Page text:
Senescence: Adaptation to DNA repair targeting drugs? - Inserm - Institut national de la santé et de la recherche médicale Access content directly
Journal Articles Cell Cycle Year : 2016

Senescence: Adaptation to DNA repair targeting drugs?


Senescence was initially described by Leonard Hayflick, proposing that normal primary cells gradually loose their proliferative potential and this was latter linked to telomere shortening. Senescence is also activated by chemotherapy treatment or by oncogenic insults as illustrated by the Ras oncogene that induces a definitive proliferation arrest in primary cells. 1 This sup-pressive mechanism has been described in vivo, either in animal models, in the early steps of carcinogenesis as shown for Braf-driven melanomas 2 or in response to chemotherapy. 3 Senescence is often a consequence of DNA damage, induced either by chemotherapy or by replicative stress. This results in the up-regulation of the p53-p21 and p16-Rb pathways, leading to Rb activation and the inhibition of E2F proliferative genes within heterochromatin foci named SAHFs. The regulation of the p53-p21 axis is well characterized and mostly mediated by ATM/ATR/Chk1/2 signaling. p16INK4 upregulation remains less understood although elegant experiments have described its epigenetic regulation by the EZH2 and JMJD3 proteins. Although arrested, senescent cells exert a profound influence on their microenvironment through the production of a specific secretome or SASP (Senescence Associated Secretory Phenotype). Depending on the context, the SASP can reinforce senescence through an autocrine loop or promote oncogenic features such as migration and EMT. Recent results have described the importance of the NF-kB and CEBP transcription factors and of the mTOR pathway in the activation of this secretome. Through IL1alpha translation and regulation of the ZFP36L1 RNA binding protein, mTOR regulates the expression of several components of the SASP. These autocrine and paracrine influences raise questions about the value of senescence as a tumor suppressive mechanism, in particular as compared to apoptosis. Recent results have shown that the elimination of p16INKA-expressing cells reduces tumorigene-sis and organ deterioration during aging. 4 Important results have described that senescence can be incomplete and that melanoma cells restart proliferation following PTEN depletion. 5 Using colo-rectal cells, we have recently shown that senescence escape leads to the emergence of more transformed cells that depend on the Akt-Mcl1 pathway. In a recent study, Cahu, Sola and colleagues observed the same effect on myeloma cells. When irradiated or treated with doxorubicin, these cells enter senescence. As a consequence of DNA damage they produce a SASP that allows the emergence of cancer stem cells. One of the important conclusion of this work was that the cooperation between senescent and initiating cells is involved in myeloma relapse. In a more recent work, 6 they investigated the early response of myeloma cells, following their hypothesis that targeting cancer cells before senescence induction would be beneficial by 1) reducing the secretion of survival factors 2) preventing the emergence of cancer stem cells involved in tumor relapse. According to previous studies, 7 they used mTOR inhibitors or hypoxia induction to prevent senescence and effectively observed that this inhibited p21waf1 and reduced cell cycle arrest induced by C-ion irradiation. Interestingly, this was correlated with the up-regulation of the RAD50 gene. RAD50 is part of the MRN complex which is involved in DNA repair via homologous recom-bination. In response to C-ion irradiation, RAD50 is normally down-regulated and the authors proposed that this favors genomic instability by maintaining a low level of DNA damage. Incomplete repair induces cell cycle arrest and senescence but at the same time allows cell adaptation and the emergence of cancer initiating cells. Whether RAD50 down-regulation is necessary for senescence induction remains to be determined but it is known that this sup-pressive mechanism is correlated with DNA damage. These observations raise an interesting question about the consequences of using DNA repair inhibitors in clinical setting. Combined with genotoxic treatments, drugs targeting chk1/2 kinases or brca1/2 for instance are expected to induce cell death through mitotic catastro-phy. In front of these sustained damages, it will be interesting to determine if senescence can still function as an adaptive mechanism to DNA-repair targeting drugs and if this allows the emergence of a small population of more aggressive cells. Disclosure of potential conflicts of interest No potential conflicts of interest were disclosed. Reference [1] Perez-Mancera PA, Young AR, Narita M. Inside and out: the activities of senescence in cancer. Nat Rev Cancer 2014; 14:547-58; PMID:25030953; http://dx.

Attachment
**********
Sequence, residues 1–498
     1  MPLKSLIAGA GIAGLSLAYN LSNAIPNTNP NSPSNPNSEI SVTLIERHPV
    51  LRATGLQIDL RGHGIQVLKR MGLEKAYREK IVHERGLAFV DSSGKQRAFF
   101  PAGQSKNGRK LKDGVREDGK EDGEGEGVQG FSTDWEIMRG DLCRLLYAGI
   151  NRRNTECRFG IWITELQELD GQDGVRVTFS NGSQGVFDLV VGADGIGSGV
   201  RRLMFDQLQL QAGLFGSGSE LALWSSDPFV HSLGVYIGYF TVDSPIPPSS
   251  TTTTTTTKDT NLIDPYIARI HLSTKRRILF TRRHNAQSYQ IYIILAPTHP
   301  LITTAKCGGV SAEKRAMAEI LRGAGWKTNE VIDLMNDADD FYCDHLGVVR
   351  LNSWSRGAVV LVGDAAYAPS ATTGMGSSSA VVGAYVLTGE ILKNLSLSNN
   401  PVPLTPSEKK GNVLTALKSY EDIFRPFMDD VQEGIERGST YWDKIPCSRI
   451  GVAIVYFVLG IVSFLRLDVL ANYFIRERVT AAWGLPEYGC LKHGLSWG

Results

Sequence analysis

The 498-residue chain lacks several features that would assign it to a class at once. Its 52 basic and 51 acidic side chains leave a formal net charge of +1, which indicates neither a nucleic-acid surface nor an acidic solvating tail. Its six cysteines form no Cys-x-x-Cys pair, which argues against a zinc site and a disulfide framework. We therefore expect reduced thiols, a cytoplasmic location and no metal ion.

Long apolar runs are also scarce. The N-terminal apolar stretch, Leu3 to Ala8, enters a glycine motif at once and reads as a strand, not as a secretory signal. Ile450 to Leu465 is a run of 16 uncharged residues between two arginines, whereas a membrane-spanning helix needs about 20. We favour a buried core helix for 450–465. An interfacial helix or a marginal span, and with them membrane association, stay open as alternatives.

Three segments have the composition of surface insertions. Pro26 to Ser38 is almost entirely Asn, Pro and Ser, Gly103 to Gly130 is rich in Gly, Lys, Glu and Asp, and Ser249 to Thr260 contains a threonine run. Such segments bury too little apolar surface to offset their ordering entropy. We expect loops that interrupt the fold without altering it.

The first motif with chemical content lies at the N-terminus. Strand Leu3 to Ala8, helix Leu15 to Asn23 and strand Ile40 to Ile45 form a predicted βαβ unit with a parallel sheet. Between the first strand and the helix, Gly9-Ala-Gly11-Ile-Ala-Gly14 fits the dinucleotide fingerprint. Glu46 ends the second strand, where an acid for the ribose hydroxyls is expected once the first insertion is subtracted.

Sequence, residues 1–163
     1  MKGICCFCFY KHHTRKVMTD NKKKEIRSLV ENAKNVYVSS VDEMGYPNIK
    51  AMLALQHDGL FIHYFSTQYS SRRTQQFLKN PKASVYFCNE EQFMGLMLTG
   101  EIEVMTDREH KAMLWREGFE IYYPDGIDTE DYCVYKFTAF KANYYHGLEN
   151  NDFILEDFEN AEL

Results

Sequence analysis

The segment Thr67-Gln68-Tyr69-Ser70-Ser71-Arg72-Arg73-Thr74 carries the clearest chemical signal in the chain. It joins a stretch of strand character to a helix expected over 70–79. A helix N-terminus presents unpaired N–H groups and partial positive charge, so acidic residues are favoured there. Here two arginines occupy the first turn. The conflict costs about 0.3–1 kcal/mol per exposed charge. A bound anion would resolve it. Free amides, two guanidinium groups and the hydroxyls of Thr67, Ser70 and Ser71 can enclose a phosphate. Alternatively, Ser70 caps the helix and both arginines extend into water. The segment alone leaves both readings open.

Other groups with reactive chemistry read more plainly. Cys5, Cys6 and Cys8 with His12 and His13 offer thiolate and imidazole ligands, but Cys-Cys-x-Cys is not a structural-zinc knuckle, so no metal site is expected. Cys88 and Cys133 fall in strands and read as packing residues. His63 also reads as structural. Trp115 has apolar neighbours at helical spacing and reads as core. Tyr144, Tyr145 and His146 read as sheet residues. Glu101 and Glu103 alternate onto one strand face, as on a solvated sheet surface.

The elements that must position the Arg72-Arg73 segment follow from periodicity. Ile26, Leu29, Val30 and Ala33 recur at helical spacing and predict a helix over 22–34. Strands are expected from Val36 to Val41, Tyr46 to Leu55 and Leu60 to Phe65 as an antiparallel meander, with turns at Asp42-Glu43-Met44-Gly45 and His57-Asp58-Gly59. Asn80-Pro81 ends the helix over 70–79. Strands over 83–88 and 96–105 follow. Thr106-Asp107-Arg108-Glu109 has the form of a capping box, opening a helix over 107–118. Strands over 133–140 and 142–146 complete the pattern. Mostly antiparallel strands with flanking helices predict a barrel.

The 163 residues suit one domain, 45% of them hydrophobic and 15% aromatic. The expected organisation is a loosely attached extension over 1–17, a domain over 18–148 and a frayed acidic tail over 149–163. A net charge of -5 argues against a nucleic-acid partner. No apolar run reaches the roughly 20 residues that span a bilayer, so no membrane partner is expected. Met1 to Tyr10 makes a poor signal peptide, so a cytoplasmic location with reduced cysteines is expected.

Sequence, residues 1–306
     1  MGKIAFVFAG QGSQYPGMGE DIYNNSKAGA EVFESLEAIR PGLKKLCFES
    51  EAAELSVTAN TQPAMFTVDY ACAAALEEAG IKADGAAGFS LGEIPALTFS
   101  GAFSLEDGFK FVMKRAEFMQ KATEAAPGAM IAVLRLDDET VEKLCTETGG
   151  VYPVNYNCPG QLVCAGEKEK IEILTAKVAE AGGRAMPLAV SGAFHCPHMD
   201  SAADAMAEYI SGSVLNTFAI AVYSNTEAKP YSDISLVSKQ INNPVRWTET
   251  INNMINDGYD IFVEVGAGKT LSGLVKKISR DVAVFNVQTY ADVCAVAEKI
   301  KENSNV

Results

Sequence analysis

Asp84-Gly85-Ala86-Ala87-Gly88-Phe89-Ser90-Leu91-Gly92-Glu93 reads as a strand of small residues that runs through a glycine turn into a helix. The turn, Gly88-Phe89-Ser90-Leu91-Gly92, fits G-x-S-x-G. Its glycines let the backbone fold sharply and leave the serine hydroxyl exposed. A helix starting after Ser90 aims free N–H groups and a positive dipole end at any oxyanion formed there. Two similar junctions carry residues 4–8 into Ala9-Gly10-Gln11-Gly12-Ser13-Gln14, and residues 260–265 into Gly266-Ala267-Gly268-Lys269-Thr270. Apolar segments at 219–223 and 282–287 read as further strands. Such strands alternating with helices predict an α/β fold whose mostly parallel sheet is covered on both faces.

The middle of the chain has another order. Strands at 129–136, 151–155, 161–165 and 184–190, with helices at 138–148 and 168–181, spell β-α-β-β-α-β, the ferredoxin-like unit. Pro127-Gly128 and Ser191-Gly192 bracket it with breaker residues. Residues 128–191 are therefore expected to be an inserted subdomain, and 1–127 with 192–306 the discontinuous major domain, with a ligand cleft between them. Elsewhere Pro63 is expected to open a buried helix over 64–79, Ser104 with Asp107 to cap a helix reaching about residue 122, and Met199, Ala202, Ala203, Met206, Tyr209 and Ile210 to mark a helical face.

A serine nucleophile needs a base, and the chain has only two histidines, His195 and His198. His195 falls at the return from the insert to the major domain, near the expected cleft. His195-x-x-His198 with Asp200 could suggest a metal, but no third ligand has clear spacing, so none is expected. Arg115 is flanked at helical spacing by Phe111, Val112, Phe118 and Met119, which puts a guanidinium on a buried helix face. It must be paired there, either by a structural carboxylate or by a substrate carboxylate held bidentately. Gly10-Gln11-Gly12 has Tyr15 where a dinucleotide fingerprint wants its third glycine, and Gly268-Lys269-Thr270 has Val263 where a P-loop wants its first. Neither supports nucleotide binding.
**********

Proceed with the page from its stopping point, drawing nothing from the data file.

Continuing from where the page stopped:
Embargoed file
Embargoed file
Ne sera jamais visible

Dates and versions

inserm-01405696 , version 1 (30-11-2016)



Olivier Coqueret. Senescence: Adaptation to DNA repair targeting drugs?. Cell Cycle, 2016, 15, pp.2549 - 2550. ⟨10.1080/15384101.2016.1214047⟩. ⟨inserm-01405696⟩
72 View
1 Download



Gmail Facebook Twitter LinkedIn More